Croft said football goes beyond the scoreboard, and canceling the season will have unintended consequences.

“It provides structure, it provides safety, it provides discipline,” Croft said.

Geoff Marcone, the head coach of LaSalle Academy’s football team, agreed with Croft, telling 12 News: “This will definitely affect the recruiting process for some of these student-athletes…especially if the NCAA grants college players an extra year because of the pandemic.”

If people are taking shortcuts and there are outbreaks, she said they will reconsider the guidelines and pull back on the sports that are allowed to play.

“We are telling you what we think is required to keep our kids safe,” Raimondo said. “We are trusting principals, coaches, athletic directors, parents to reinforce these safety guidelines.”

Raimondo emphasized that these guidelines entitle all Rhode Island students to play the approved sports, including those at schools beginning with full distance learning.

“We think it is safe to play sports and especially if you’re a kid that’s going to be stuck in your room all day on a computer, all the more reason that you should get outside,” she said.

Health Director Dr. Nicole Alexander-Scott said players from opposing teams will not be considered close contacts. Raimondo described close contacts as anyone you are with closer than six feet, without wearing a mask, for more than 15 minutes, at her Wednesday briefing.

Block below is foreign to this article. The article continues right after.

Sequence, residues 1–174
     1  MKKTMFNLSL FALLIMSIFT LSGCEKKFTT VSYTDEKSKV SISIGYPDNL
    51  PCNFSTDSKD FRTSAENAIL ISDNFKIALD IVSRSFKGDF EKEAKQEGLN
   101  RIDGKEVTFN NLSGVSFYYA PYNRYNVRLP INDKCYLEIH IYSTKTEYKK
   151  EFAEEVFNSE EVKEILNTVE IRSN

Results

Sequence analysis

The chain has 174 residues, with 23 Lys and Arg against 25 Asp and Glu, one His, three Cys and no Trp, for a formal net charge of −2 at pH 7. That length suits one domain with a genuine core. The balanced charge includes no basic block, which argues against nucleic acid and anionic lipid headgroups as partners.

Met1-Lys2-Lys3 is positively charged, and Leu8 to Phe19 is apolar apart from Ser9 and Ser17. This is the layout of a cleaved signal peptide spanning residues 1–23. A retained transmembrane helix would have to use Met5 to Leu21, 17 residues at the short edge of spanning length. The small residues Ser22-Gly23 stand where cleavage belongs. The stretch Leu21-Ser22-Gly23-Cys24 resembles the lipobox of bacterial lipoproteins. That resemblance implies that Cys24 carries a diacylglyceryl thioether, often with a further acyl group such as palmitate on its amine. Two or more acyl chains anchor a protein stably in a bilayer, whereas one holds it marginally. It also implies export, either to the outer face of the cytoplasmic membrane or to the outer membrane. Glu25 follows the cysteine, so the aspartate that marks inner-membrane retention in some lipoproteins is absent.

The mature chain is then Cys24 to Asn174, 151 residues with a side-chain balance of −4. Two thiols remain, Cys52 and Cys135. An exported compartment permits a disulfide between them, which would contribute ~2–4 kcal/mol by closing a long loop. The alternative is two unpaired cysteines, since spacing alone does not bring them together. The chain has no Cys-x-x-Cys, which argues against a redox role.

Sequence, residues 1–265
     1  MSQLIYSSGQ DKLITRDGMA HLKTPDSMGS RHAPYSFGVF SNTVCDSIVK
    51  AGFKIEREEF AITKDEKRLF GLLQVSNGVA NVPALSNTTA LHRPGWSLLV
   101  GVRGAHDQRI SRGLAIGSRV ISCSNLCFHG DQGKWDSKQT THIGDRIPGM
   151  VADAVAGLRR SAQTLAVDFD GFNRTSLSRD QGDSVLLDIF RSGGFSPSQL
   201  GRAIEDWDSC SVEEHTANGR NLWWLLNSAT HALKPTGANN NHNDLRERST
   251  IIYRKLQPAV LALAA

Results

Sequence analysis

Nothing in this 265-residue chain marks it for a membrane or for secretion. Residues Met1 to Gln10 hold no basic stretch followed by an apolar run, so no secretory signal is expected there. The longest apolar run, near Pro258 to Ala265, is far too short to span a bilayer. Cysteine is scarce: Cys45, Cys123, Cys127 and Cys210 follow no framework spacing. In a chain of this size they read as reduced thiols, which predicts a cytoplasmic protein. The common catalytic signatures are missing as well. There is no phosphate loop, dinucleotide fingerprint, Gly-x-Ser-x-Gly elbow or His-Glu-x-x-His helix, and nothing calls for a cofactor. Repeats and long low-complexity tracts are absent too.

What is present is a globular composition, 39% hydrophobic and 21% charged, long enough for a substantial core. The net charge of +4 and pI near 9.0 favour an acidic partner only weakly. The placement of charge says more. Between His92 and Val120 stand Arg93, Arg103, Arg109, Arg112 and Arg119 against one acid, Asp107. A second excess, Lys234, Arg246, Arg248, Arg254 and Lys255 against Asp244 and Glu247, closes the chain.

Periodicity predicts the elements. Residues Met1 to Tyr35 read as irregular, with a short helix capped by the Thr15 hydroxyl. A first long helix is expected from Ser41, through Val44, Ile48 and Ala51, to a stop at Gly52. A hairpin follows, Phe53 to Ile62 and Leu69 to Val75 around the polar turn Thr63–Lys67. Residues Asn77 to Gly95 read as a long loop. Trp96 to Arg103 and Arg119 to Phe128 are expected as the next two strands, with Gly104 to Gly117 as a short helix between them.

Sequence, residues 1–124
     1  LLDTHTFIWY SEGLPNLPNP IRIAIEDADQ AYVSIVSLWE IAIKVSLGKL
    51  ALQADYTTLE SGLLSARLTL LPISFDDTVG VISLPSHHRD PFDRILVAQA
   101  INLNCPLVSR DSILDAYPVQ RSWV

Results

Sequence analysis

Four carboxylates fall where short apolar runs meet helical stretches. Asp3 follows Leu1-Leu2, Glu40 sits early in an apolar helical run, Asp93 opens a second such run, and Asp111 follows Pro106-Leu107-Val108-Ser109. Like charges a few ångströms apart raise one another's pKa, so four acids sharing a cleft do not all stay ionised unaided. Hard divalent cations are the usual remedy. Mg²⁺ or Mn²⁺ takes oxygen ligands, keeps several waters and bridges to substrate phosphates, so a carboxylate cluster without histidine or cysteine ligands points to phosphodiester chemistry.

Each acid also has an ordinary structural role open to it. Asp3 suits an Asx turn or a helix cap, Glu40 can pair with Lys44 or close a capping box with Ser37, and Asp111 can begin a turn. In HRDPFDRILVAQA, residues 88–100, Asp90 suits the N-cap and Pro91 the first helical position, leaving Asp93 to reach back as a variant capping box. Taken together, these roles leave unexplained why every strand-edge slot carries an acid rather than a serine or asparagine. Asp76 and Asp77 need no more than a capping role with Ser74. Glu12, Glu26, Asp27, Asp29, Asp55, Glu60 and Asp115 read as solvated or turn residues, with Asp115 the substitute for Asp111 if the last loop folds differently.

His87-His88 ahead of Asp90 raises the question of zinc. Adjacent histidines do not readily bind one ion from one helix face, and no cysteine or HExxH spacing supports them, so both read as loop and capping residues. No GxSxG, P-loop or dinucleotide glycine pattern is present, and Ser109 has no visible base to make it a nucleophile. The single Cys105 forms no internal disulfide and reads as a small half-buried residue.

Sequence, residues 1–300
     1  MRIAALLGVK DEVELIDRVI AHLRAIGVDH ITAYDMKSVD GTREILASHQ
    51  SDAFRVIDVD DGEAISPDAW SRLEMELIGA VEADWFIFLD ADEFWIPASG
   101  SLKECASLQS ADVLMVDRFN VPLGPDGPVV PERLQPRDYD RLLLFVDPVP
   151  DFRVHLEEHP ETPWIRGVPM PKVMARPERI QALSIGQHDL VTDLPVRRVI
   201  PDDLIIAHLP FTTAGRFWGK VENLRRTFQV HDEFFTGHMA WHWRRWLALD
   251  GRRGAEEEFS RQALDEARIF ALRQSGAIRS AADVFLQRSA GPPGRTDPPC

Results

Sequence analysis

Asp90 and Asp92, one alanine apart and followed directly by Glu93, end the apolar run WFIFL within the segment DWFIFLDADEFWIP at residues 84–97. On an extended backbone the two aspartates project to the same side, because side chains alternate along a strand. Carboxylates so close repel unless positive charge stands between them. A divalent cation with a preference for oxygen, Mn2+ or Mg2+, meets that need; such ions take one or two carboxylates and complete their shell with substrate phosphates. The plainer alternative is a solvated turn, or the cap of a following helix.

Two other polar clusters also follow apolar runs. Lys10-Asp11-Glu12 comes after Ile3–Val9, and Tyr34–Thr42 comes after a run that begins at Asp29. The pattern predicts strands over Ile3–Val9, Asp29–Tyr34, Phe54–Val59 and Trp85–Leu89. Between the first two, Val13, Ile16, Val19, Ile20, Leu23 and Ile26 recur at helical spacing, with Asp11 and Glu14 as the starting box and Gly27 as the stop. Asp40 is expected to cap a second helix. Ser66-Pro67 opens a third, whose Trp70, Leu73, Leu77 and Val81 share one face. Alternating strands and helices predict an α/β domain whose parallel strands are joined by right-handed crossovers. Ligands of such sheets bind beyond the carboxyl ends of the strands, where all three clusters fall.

The RIIL recommended schools have games on the weekends because it may help with transportation issues, Michael Lunney said, although they do not dictate when games occur.

“There’s not going to be any restriction on two schools that mutually agree to play during the week, if they can make that happen then we will certainly support that,” he said.

As far as fans watching the games, Lunney said schools will have to follow the Department of Health’s guidelines. Right now that is 66% of capacity or a 250 person maximum.

Janet Coit, during Friday’s briefing, said athletes will be restricted to two spectators at games.

“The rules are no more than two people per athlete and any household should be masked and six feet apart,” she said.

After Raimondo announced Monday that all Rhode Island school districts except for Providence and Central Falls have met the requirements for a full in-person return, RIIL released a statement because they said they were receiving a lot of questions.

The statement said, “please know that the RIIL is still committed to offering our member schools as many traditional fall sports as possible within the governor’s guidelines for school sports.”

Raimondo announced a COVID-19 testing system for K-12 schools on Tuesday and a dedicated contact-tracing program on Wednesday.

On Thursday, she walked through what a typical school day may look like for students.

The governor said next week, she will go back to holding weekly briefings at 1 p.m. Wednesday.